Tagged With learning

Predicting the future is near impossible -- but that doesn‘t stop us all from having a red hot go. Human beings have been predicting the future since the beginning of history and the results range from the hilarious to the downright uncanny.

One thing all future predictions have in common: they‘re rooted in our current understanding of how the world works. It‘s difficult to escape that mindset. We have no idea how technology will evolve, so our ideas are connected to the technology of today.

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Most of us know that reading to babies is a very good thing - it's tied to language and cognitive development, helps strengthen the parent-child bond, and gives us a welcome script when we're trying to get in our recommended 30,000 words a day without having to rap the Fresh Prince of Bel-Air theme song yet again. But for optimal benefits, it may not be enough to simply grab any board book or Thai takeaway menu and start rattling off the words. According to a new study, the type of book you read may make a big difference.

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You've probably got some downtime during the holidays, whether you're taking a few days off from work (you should), or enjoying your winter break after studying for exams (you didn't). With 2018 on the way, you can start the new year on the right foot by prepping your resolution plans beforehand. Of course, resolutions come in all shapes and sizes, so the real question is this: how are you getting a head start on yours?

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So, you want to learn to speak and write a new language, huh? Not just "hello" and "thank you," but really learn it well enough that you could live in the country of origin? Hope you're ready to commit. If you're a Native English Speaker, these are the languages that will take the most and least time to become proficient in.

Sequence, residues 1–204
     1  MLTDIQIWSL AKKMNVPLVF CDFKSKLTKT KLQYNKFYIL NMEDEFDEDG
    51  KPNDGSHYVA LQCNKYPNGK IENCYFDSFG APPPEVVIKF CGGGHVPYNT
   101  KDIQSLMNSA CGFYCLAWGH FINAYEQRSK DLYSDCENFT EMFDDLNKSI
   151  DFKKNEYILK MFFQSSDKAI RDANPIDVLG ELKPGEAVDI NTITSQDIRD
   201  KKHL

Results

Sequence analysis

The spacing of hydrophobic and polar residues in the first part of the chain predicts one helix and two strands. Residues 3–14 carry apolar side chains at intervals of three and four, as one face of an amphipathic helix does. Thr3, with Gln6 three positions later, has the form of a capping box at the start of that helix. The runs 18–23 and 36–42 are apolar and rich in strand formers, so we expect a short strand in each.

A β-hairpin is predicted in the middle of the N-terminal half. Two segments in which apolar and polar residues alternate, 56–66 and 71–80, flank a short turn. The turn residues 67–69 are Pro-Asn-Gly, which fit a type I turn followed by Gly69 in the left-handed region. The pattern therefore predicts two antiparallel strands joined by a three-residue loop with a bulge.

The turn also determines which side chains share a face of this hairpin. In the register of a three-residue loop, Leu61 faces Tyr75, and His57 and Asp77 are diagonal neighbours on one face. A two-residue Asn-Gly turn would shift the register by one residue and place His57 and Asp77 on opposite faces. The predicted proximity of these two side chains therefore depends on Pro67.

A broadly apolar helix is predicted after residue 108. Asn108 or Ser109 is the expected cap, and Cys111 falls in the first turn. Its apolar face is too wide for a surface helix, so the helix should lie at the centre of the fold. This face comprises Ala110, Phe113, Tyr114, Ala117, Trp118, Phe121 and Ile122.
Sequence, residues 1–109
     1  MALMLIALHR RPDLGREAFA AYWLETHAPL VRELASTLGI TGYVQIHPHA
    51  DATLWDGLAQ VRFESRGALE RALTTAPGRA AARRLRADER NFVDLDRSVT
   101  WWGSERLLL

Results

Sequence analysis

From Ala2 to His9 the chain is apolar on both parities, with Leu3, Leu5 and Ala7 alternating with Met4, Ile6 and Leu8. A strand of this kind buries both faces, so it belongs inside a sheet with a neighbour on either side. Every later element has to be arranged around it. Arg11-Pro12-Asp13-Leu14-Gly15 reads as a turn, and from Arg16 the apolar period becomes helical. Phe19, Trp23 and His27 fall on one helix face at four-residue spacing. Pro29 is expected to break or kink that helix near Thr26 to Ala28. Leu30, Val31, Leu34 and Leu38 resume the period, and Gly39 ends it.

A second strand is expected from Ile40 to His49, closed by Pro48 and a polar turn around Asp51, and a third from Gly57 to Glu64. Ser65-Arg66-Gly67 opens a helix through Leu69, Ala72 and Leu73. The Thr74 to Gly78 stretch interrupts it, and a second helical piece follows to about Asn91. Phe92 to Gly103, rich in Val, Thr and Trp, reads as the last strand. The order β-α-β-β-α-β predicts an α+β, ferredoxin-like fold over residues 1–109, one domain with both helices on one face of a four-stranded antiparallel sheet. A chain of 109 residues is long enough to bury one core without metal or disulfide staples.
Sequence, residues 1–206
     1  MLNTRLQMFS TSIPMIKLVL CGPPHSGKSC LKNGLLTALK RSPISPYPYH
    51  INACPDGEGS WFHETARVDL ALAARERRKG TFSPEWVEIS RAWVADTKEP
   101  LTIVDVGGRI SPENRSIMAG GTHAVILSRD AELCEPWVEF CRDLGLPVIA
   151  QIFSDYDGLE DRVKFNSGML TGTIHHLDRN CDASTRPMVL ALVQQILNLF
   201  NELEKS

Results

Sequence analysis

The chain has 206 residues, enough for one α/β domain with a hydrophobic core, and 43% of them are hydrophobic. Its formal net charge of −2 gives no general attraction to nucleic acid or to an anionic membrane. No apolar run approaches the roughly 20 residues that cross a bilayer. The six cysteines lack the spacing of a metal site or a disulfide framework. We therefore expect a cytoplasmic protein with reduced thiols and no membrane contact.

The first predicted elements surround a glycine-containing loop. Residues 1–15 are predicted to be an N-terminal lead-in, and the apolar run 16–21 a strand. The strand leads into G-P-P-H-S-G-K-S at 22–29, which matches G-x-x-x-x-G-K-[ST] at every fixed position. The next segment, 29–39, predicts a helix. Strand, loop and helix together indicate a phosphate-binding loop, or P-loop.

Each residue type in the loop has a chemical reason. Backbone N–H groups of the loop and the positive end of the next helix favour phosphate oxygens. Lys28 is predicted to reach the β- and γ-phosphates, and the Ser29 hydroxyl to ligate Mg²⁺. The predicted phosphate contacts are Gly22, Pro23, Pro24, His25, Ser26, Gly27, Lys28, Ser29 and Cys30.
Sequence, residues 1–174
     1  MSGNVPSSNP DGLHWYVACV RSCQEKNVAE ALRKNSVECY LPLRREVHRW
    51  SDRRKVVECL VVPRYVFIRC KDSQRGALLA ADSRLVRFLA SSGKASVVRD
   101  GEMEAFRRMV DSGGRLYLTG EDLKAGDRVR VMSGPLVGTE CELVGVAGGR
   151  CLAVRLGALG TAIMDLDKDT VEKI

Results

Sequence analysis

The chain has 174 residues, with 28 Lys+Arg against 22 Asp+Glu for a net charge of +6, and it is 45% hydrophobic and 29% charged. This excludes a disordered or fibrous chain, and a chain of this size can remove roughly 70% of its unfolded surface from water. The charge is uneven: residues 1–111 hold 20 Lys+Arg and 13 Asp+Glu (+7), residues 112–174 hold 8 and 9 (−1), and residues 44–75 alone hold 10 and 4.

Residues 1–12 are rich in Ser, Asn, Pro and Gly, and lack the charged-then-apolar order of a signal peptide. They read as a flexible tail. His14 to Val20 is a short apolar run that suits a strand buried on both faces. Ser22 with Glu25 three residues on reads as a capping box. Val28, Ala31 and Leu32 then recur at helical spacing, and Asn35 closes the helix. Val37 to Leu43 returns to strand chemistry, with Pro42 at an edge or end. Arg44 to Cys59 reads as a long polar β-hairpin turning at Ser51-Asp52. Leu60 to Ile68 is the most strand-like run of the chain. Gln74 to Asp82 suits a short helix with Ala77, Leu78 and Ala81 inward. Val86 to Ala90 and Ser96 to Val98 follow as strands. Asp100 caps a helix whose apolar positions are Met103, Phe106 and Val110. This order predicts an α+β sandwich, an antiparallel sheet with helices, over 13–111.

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Some things in life -- such as fixing your own car or DIY home improvements -- might appear dangerous or risky, especially if you've never done them before or you tend to err on the side of caution. They also might be more doable than they look. Here are ten daunting things you probably likely can handle on your own.

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Helping with homework is part of everyday life once your kid hits school age. For the first couple of years it isn't hard stuff, but you know that one day your kid will have an assignment that stumps them and you. Luckily, you have other options besides furtively googling the answer while your kid isn't looking.

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Skillsoft has launched CodeX, a new virtual coding practice lab that provides coding exercises with embedded video content. It offers hardware labs for products from Cisco, Microsoft, VMware and CompTIA with tools such as Android Studio 2.3.3, Eclipse, Eclipse Neon, IDLE 3.4, IPython (Anaconda 4.4) and Microsoft Visual Studio.

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I've got nothing against Dan Carlin's "Hardcore History," but it seems to eat up all the publicity for history podcasts. That's a shame, because the podcast format is a fantastic way to dive into a thirty-hour history of the French Revolution, or snack on a 12-minute account of how Warren G. Harding, betrayed by his corrupt Cabinet, publicly projected all his feelings onto his dog Laddie Boy.

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If you're the type of person who shies away from sketching anything more involved than googly eyeballs or a stick figure on the back of a napkin, it might be more due to a lack of confidence in your artistic ability than some fundamental lack of talent. But nailing the basics can change your outlook on the seemingly Sisyphean task of learning the art of art (it just takes a bit of patience).

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Kids have a way of picking up information quickly (sometimes more quickly than we'd like...), but when explaining more abstract concepts like coding or computer programming, you might need something more than a lecture or some quick YouTube explainer. That's what programmer Tomek Kaczanowski learned as he explained the skill to a group of 6-year-old children, among them his own daughter.